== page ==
IT organizations often purchase numerous tools and tool packages. It’s not uncommon to see an organization have multiple tools for monitoring, multiple tools for reporting, and multiple other tools to perform various common activities in an IT organization.
This is inefficient for many reasons. First, the cost is a misuse of limited funds in terms of both the initial investment and any maintenance costs. Second, the organization rarely fully exploits the capabilities of one tool when multiple tools are in place and provide basically the same set of functions.
This abundance of tools happens for numerous reasons. Often, individual departments have significant enough budgetary influence to purchase tools that, while they may be an exact fit for that specific group, do not necessarily align with the needs of the overall enterprise.
Time for Tools Governance
Tools governance is the act of controlling which tools an organization uses and how it uses them, as well as how new tools are added to the mix and old tools are retired. Tools governance saves time, money, and makes the organization more efficient by enabling employees to become more skilled with a limited set of tools over time.
Many years ago I was working with an organization that was having a severe problem around reporting. This was a large organization, and we had one of every reporting tool available on the market. Fundamentally, this occurred because each department had the ability to use their budgets to buy and implement whatever tools they wanted.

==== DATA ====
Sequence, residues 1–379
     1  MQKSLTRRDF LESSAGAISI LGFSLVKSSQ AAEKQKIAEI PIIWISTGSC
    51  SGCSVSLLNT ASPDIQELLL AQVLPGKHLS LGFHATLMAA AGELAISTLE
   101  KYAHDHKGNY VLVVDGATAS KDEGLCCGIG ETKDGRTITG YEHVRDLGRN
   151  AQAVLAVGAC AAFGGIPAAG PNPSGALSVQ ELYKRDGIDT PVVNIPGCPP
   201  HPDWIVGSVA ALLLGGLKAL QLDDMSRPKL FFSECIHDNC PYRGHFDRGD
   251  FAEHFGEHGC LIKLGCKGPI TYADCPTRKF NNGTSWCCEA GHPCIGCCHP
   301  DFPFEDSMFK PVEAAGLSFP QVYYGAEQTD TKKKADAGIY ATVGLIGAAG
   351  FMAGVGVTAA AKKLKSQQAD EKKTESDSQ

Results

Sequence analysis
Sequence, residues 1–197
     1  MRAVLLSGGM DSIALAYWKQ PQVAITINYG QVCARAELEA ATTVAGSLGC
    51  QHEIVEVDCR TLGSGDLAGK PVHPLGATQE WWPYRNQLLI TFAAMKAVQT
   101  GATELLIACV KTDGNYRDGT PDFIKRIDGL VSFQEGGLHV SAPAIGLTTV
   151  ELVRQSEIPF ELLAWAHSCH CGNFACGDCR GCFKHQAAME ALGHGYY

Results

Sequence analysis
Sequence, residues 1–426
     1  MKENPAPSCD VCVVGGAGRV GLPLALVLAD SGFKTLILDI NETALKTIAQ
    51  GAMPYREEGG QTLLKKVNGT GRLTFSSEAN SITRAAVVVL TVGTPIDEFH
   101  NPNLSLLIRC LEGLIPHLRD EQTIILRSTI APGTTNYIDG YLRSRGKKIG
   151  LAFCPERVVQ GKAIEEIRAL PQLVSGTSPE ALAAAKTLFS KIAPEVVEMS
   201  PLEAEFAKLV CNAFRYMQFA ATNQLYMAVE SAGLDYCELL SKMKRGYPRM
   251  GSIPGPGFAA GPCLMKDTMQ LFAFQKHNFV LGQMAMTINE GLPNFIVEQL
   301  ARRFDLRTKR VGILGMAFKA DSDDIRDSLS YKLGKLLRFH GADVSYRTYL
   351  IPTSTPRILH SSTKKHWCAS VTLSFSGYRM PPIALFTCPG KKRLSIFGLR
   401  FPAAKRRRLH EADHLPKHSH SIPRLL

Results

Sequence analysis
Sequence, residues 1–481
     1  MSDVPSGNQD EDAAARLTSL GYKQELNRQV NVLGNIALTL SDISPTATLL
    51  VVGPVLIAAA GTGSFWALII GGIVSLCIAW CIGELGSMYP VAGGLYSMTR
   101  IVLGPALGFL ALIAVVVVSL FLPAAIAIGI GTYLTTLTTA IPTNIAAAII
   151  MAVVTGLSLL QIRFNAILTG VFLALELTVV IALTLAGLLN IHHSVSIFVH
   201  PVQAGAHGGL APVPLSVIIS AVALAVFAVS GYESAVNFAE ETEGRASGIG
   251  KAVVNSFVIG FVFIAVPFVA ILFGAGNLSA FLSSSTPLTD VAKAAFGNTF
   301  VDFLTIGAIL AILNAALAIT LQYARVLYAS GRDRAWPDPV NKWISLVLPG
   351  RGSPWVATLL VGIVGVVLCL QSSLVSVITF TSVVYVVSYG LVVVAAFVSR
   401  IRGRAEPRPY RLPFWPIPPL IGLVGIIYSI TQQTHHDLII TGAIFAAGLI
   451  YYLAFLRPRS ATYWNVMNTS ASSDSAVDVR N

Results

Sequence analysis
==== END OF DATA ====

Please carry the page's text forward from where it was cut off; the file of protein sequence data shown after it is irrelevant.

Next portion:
The manifestation of this problem occurred in many ways, but one of the most notable was in how reporting was used to underpin presentations to management. Basically, we had several cases where individuals from different parts of the organization made presentations to management using the same underlying data but somehow coming up with completely different results and recommendations. Management literally said, “We want one version of the truth.”
This initially led to a data quality project that sought to investigate and improve the overall reliability of the data that the organization used. Quickly, we found that it wasn’t necessarily the underlying data that was at fault; rather, it was how we used that data. Because so many reporting packages were in use, there were unclear rules, procedures, and policies around the data and its use. These unclear rules were very rarely enforced.
Our data quality project led to a tools governance project, which among other things resulted in defining a finite set of reporting tools, defining specific and clear policies and procedures on their use, and establishing a standard catalog of reports. Ultimately, our issue with having multiple versions of the truth subsided.